The Tulip Nebula
The Tulip Nebula is a glowing cloud of interstellar gas and dust in the constellation Cygnus. This emission nebula is cataloged as Sharpless 101, or Sharpless Sh2-101. The Tulip Nebula is about 8,000 light-years from Earth, and 70 light-years across in size.
I captured the photo below using a dedicated astronomy camera attached to a refractor telescope. To create this detailed photo of the Tulip Nebula, I recorded images in 3 separate wavelengths of light.
The photo displays the intense areas of gas emitted by this emission nebula in Cygnus. The Hubble Palette was used to map each of the prominent gases to RGB color channels.
The Tulip Nebula in Cygnus. 3.5 Hour Exposure.
The field of view for this image is 1.1 x 1.37 degrees (radius 0.877 deg.) with an image scale of 6.57 arcsec/pixel. The camera used was a ZWO ASI2600MM Pro, a monochrome CMOS dedicated astronomy camera.
Tulip Nebula Details:
- Common Name: Tulip Nebula
- Cataloged: Sharpless 101, Sh2-101
- Object Type: H II Region (Emission Nebula)
- Apparent Magnitude: 9.0
- Apparent Dimensions: 16′ x 9′
- Constellation: Cygnus
The Tulip Nebula gets its name from the flower it appears to resemble when photographed. This nebula was cataloged by American astronomer Stewart Sharpless in 1959.
An interesting feature of the Tulip Nebula is its close proximity (from our vantage point on Earth) to the galactic X-ray source known as Cygnus X-1. Cygnus X-1 is one of the strongest X-ray sources seen from Earth and is the site of one of the first suspected black holes.
Cygnus X-1 is thought to be a stellar-mass black hole, a class of black holes created by the collapse of a massive star.
The location of Cygnus X-1 (Stellar Mass Black Hole).
About the Image
I used narrowband filters (Chroma 3nm Ha, OIII, and SII) to photograph the Tulip Nebula in different wavelengths of light to create a full-color image. Here is an example of this region in H-alpha using a narrowband filter.
The Tulip Nebula in H-Alpha (ZWO ASI2600MM Pro + Chroma 3nm Ha).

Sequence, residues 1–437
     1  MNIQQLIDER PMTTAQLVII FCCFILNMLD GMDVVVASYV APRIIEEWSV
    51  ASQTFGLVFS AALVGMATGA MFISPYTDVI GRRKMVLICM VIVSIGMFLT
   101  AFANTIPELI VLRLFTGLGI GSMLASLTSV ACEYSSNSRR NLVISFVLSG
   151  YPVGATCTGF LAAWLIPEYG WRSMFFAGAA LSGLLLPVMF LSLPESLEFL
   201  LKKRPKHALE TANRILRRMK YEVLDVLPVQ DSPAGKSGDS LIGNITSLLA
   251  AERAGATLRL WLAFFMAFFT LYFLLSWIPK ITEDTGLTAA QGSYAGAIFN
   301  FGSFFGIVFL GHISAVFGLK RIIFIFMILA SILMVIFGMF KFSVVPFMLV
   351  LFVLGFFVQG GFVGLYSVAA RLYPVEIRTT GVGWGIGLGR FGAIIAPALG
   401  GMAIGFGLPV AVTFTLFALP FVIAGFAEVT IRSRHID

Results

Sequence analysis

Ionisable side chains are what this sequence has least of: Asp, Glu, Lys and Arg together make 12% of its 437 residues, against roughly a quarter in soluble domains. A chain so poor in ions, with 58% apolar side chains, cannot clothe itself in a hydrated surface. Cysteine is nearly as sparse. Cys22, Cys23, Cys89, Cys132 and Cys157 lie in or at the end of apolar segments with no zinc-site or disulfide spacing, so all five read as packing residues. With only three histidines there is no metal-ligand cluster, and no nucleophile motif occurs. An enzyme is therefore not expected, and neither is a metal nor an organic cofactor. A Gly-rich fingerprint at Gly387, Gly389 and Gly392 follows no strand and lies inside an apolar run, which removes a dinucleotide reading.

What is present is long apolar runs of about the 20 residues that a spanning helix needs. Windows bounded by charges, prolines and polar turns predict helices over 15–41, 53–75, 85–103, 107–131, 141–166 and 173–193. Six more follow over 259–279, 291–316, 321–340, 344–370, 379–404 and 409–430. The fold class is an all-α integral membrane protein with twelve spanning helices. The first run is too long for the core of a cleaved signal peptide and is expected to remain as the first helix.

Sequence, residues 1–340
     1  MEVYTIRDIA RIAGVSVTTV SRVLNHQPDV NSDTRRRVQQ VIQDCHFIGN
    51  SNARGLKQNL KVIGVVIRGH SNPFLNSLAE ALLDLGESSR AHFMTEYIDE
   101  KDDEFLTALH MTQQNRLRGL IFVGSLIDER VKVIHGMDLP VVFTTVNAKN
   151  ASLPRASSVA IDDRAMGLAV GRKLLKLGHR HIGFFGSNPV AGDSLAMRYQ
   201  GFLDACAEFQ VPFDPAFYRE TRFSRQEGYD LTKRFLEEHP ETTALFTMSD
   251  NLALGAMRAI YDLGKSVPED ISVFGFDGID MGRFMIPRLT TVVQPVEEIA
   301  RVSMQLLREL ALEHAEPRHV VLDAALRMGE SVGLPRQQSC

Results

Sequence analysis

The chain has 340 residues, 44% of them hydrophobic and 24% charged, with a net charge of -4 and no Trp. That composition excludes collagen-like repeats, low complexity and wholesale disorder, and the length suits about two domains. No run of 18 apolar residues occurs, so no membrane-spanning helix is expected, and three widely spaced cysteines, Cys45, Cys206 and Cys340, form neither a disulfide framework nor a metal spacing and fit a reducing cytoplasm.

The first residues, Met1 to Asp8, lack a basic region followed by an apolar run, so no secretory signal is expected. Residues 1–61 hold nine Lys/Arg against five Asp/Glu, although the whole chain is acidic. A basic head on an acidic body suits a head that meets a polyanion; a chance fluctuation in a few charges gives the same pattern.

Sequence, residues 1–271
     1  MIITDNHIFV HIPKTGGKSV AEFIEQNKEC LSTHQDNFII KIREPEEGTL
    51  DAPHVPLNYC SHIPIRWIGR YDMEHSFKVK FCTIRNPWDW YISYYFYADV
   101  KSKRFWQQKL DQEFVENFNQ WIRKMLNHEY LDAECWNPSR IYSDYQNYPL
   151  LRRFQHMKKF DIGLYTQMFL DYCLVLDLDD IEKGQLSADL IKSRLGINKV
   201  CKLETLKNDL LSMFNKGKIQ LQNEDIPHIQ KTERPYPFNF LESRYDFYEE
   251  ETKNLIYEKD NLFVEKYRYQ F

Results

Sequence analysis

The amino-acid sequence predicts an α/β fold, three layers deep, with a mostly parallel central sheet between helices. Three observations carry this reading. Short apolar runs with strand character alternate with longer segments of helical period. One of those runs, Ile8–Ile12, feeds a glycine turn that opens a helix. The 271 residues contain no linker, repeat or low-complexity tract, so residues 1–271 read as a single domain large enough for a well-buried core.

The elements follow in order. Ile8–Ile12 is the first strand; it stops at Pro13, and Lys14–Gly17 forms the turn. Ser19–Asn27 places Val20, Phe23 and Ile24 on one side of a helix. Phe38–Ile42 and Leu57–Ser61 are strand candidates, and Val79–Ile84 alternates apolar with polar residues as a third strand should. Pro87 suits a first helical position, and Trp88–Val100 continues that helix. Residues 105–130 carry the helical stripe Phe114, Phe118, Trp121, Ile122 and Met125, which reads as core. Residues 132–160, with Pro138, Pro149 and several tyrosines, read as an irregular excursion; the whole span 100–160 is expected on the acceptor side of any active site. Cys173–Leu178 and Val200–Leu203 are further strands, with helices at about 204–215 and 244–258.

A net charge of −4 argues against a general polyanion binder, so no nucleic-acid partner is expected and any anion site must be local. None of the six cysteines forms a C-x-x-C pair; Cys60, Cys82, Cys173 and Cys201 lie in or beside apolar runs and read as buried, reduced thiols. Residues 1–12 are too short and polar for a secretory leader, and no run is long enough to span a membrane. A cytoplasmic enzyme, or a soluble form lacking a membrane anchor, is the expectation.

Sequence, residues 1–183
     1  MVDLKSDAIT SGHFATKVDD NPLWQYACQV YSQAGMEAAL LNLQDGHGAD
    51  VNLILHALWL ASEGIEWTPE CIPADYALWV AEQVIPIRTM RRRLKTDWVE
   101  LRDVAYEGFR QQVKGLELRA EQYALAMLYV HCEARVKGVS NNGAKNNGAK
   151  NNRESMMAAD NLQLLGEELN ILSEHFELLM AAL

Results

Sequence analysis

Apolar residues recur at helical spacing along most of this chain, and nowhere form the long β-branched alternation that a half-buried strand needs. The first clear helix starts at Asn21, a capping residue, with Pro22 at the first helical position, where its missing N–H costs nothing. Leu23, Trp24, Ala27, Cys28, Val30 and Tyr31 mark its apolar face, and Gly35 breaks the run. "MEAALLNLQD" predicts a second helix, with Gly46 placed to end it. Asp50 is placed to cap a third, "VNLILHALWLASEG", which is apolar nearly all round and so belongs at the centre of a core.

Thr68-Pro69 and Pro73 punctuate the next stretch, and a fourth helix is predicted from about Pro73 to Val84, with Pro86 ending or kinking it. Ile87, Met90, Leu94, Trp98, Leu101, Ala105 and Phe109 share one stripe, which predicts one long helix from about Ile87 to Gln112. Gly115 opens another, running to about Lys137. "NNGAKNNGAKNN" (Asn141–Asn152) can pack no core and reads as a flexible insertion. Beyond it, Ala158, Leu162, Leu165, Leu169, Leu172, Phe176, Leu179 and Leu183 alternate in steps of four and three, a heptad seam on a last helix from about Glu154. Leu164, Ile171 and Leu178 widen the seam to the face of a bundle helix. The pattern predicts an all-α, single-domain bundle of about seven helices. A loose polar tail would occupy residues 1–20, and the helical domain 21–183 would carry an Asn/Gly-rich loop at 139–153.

The telescope used to photograph the Tulip Nebula in high resolution is a Sky-Watcher Esprit 100 ED APO. This is a premium apochromatic refractor telescope with a focal length of 550mm at F/6.
For a complete list of telescopes I recommend for space photography, be sure to check out my article on the best astrophotography telescopes for beginners.
Sky-Watcher Esprit 100 ED Super APO.
To automate the imaging sequence, I used Astro Photography Tool to collect each 5-minute exposure, with dithering between each frame. Autoguiding was done via PHD2 Guiding, through a 60mm guide scope and ZWO ASI290MM Mini camera.
In the image below, you can see the camera and telescope mounted to my Sky-Watcher EQ8-R Pro equatorial telescope mount in the backyard.
My deep-sky astrophotography setup in the backyard.
The Tulip Nebula in Cygnus
The Tulip Nebula can be easy to ignore in the busy constellation of Cygnus. Several emission nebula targets populate this region, including the dramatic Crescent Nebula nearby (about 2 degrees southwest).
The star responsible for much of the Tulip Nebula is HDE 227018, which can be seen near the center of the nebula. A wide-field apochromatic refractor telescope is a fantastic choice if you like photographic large nebulae regions like the one above.
The field of view you can expect will depend on the sensor of your imaging camera, and the focal length of your telescope. In the case of my crop-sensor ZWO ASI2600MM Pro camera, the field of view includes the Tulip Nebula and much of the surrounding nebulae regions.
You can use the Stellarium planetarium software to identify the exact field of view you will get with a particular camera and telescope configuration. This is very useful when planning your next deep sky astrophotography project.
Where is the Tulip Nebula?
The Tulip Nebula is located in the constellation Cygnus. You can use the catalog number Sh2-101 (Sharpless 101) to identify its location using a star map or by searching for it using a stargazing app on your smartphone.
From mid-northern latitudes, you’ll find the Tulip Nebula rising in the east just after dark by late May. The Tulip Nebula reaches an adequate apparent altitude for astrophotography (30°) just after midnight.
If your GoTo telescope mount does not include the Sharpless catalog in its object database, entering in the NGC 6871 will get you very close. From here, you can manually point your telescope towards the Tulip Nebula to center it.
In the wide-angle image of the Cygnus region and Summer Triangle below, I have identified the location of the Tulip Nebula. As you can see, it resides on the far side of the constellation Cygnus, well past the larger, more common deep-sky objects in the constellation.
The massive North America Nebula, Pelican Nebula, and Butterfly Nebula usually capture the attention of backyard astrophotographers, but the Tulip Nebula is certainly worthy of your time as well. I hope that this post has inspired you to take a closer look at this photogenic nebula in Cygnus.
New to astrophotography? Find out the equipment I use, the processes involved, and how to get started.
- Cygnus X-1: Still a “Star” (NASA)
- The Tulip Nebula and Cygnus X-1 (NASA APOD)
- Understanding Pixel Scale and Field of View (Sky and Telescope)